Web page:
The winter Sumac was beautiful against the blue sky.

 

The ice was is still in good winter condition. We were disappointed that there did not appear to be any eagles in the two nests across from the ice wall.

One of the things on my bucket list has been to attend the Michigan Ice Fest. It has always been a problem because it was on the same weekend as the Hudson Hot Air Affair and the Apostle Islands Sled Dog Race. This year the all took place on separate weekends so my wife and I decided to headed over to Munising for the Ice Fest. It had been a cold two weeks prior to the start of the Ice Fest but wouldn’t you know that on the first day of the Fest it was 40+ degrees. Still climbing conditions were good. We stopped at Fest headquarters at caught a shuttle out to the climbing areas. Although we are frequent visitors to Munising in the Spring and Fall we had never visited in the winter so we didn’t know what to expect. We had hopped that it would be possible to get to some of the spectacular climbing areas along the shoreline or at Grand Island but that wasn’t possible so we were confined to the climbing areas along Sand Point Road. The shuttle dropped us off at the Curtains where some climbing classes were being held.

More photos from the Michigan Ice Fest can be found on my website.

At Opening Curtain we watched for quite a while. Looked like the climbers were having fun. It reminded me of my climbing days but that was 50 years ago. I might have caught the bug again and since they hold classes at the Sandstone Ice Festival and I may give it a try again.

We walked down to the Curtains and watched a different climbing class work on the ice walls.

Our final stop of the day was Dryer Hose. Dryer Hose was open climbing so climbers who were a little more experienced were climbing here. We watched a couple of climbers go up the wall. The last one was carrying ropes and webbing. Apparently there was a climber rigging at the top of the climb and he had forgotten some gear he need so another climber was bringing up what he needed.

We were the only people out skiing yesterday. It was cold again, around 4 degrees when we exited the car. We noticed a lot of frost on the trees and skied down to get some photos. While we were taking photos the wind came up and blew the frost off of the trees and we ended up in a blizzard of frost.

We then skied down to look at the ice wall and check for Bald Eagles. No eagles in sight but we did see a couple near the trail head when we drove into town. The ice wall is looking the best that I can remember.

It was a bitterly cold day and one of many this winter. We decided that the Nelson Ice Sculptures on the Rush River should be doing well in this type of weather so we decided to drive down and take a look. They were doing very well. It was so cold that steam was rising off of them. If you are not familiar with them you can check out my earlier blog describing what is going on. You can also see more photos of the ice sculptures on my website.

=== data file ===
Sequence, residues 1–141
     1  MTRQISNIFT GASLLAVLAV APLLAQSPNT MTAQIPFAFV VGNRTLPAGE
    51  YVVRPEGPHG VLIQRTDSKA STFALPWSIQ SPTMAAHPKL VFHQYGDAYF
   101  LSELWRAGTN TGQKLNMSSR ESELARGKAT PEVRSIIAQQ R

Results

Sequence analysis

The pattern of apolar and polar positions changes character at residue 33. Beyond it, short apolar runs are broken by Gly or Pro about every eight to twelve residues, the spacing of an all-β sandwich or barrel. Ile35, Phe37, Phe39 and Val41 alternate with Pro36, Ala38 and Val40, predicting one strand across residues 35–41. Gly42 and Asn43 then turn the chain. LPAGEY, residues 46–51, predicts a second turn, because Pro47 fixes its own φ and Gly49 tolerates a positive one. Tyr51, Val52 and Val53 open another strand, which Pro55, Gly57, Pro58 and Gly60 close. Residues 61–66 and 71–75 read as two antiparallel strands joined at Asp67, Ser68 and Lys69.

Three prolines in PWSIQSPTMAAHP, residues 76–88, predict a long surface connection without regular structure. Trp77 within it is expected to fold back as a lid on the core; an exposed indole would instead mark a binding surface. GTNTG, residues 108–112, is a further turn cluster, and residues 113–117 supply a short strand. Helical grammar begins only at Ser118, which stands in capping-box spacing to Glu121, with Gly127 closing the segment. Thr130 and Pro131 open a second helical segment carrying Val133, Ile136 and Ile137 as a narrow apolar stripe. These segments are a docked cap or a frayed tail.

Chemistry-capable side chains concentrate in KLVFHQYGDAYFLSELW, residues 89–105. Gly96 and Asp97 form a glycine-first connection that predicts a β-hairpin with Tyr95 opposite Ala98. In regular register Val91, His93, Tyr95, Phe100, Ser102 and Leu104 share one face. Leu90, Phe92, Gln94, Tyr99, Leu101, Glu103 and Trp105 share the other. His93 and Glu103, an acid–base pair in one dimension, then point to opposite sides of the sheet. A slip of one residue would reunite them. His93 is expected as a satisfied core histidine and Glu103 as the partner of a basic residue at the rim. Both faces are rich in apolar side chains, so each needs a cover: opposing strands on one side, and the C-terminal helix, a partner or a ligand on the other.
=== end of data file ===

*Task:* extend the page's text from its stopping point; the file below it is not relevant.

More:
With all of the cold weather we decided to stop and look at the Devil’s Punchbowl. It was very impressive. Hardly any of the ice had fallen off of the wall because it has been so cold. A shot of Linda looking at the ice wall. More photos from Devil’s Punchbowl can be found on my website.

The cold weather has resulted in huge ice flows and the bottom of the ravine is covered with a huge ice flow. I’ve never seen anything quite like it.

I managed a few photos of leaves encased in the ice.

When we woke up it was -17 and no wind. I knew it would be a great day to find some frost along the Red Cedar State Trail. I planned on going alone but my wife didn’t want me out in this weather by myself so she decided to come along. When we arrived at the Irvington Parking Lot we could see the frost covering the trees. We skied south on the trail for a short distance because that is where the best frost can be found. More photos from the Red Cedar Trail cam be found on my website.

We were really cold because I was stopping for photos all the time. As long as we were on the trail we decided to ski down to the ice wall that forms every winter along the trail. It was difficult skiing because there were quite a few places along the trail where ice was overflowing the trail. In addition, there was barely enough snow to set a track. the ice wall was in peak winter condition.

After photographing the beach we drove over to the Lost Creek Falls for a short hike into the falls. As we walked along the trail this squirrel posed for us.

We were the only ones on the trail and the first ones to make the hike since the recent snow fall. When I first started hiking into Lost Creek Falls there was no marked trail. Now there are signs along the road pointing to the trail head and someone had done a wonderful job of putting in boardwalks on sections of the trail. No more walking in mud to get to the falls. I’ve noticed that communities have take not of how important waterfalls are and have made every effort to make waterfalling an enjoyable experience.